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Bankruptcy

Bankruptcy Amendments
Improve Preference Defenses

By Lynnette R Warman

Jenkens & Gilchrist


Beginning with cases filed on October 17, 2005, unsecured creditors will have improved preference defenses to use to defeat attempts by debtors or trustees to obtain the return of payments deemed preferences under the Bankruptcy Code. On April 20, 2005, President Bush signed the Bankruptcy Abuse Prevention and Consumer Protection Act of 2005 (the "Act"), ending nearly a decade of debate about the most major revisions to the Bankruptcy Code in nearly 30 years. The main focus of the legislation is to modify consumer bankruptcy provisions, most notably imposing the requirement that a consumer must pass a "means test" as a condition to filing a chapter 7 bankruptcy proceeding. However, there are significant modifications of corporate bankruptcy provisions as well, including changes to the preference statute.

The primary statute governing preferences under the Bankruptcy Code is 11 U.S.C. 547, which defines preference causes of action and defenses. Under the Act, Section 547 of the Bankruptcy Code has been changed in several ways to improve creditor defenses. Other statutes which work in conjunction with Section 547 have been changed as well.

Perhaps the most significant change in Section 547 as to unsecured creditors is the amendment which will make it easier for creditors to raise the "ordinary course of business" defense to preference actions. Before the Act becomes effective, a creditor must show that an alleged preferential payment 1) was made on a debt incurred in the ordinary course of business, 2) was made in the ordinary course of business, and 3) was made according to ordinary business terms, in order to prevail on the ordinary course of business defense to a preference.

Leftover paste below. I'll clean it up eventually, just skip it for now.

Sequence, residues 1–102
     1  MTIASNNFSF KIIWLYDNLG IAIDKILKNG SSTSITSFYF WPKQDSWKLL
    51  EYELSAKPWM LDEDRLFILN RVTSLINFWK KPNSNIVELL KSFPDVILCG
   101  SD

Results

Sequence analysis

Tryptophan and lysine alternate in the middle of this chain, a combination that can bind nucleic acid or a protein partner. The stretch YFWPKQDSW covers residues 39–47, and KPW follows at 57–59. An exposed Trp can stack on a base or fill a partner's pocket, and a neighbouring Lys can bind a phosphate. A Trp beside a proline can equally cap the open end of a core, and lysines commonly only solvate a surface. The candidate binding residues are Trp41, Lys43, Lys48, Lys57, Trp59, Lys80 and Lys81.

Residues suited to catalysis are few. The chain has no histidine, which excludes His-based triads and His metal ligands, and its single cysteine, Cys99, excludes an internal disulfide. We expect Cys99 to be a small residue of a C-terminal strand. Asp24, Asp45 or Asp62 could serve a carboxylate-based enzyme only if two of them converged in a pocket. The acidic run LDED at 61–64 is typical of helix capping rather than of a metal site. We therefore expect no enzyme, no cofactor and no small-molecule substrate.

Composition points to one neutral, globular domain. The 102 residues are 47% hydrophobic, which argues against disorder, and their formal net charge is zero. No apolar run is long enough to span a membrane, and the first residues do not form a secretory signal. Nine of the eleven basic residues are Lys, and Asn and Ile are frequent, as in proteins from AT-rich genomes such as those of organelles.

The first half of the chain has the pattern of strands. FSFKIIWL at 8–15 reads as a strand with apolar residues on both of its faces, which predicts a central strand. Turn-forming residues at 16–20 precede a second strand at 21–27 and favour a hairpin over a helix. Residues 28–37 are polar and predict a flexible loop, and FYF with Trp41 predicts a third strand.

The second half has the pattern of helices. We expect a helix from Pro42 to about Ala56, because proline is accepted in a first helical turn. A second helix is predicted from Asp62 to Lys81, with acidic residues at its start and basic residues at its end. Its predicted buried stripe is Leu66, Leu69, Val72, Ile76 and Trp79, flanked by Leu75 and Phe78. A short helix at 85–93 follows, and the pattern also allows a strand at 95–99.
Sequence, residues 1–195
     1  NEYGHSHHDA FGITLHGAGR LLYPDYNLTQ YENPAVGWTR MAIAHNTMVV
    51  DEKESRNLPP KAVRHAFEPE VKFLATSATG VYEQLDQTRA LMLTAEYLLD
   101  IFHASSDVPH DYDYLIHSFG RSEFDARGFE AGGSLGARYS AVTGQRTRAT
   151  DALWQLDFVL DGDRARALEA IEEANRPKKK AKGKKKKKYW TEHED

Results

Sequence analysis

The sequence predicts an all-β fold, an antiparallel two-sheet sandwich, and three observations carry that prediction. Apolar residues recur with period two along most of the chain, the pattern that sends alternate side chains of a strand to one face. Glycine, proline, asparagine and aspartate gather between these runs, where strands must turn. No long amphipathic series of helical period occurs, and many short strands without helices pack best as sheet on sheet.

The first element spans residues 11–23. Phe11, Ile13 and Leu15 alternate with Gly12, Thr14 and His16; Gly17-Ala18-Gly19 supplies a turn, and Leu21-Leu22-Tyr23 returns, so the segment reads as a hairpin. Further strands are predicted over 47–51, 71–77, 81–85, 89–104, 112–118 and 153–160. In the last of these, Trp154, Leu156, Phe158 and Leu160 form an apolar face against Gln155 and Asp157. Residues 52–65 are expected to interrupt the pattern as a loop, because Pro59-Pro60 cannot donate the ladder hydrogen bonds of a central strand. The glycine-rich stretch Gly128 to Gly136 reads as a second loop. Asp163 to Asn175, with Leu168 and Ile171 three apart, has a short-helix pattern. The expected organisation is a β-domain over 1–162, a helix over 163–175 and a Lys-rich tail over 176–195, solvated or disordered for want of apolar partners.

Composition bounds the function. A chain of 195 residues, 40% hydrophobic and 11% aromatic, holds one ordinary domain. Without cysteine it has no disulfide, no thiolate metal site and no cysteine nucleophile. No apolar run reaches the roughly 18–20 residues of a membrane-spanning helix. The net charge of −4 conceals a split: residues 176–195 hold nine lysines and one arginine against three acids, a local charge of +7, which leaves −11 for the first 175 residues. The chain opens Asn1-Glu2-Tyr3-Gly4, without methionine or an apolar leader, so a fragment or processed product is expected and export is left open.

Under the Act, a creditor asserting the ordinary course defense must only satisfy the first element and then either the second or third element of Section 547(c)(2). Specifically, the creditor must show that the disputed transfer was 1) payment of a debt incurred in the ordinary course of business and either (2)(A) made in the ordinary course of business or (2)(B) made according to ordinary business terms. The net effect of these changes will be to lessen the number and the amount of lawsuits and damages potentially recovered in preference actions. These provisions should be a real benefit to most unsecured creditors.

The second major change in the Act which will affect preference lawsuits is the imposition of minimum amounts for which preference demands may be made. The revised Section 547 provides that a trustee (or debtor) will not be able to avoid transfers that are or affect less than $5,000 in a case where the debts are primarily commercial debts. The debtor or trustee is also prohibited from recovering transfers that are or affect less than $600 in an individual debtor case involving primarily consumer debts. There may be some disagreement as to whether a series of payments within the preference period can be aggregated to meet this minimum, so this issue may be decided by the courts.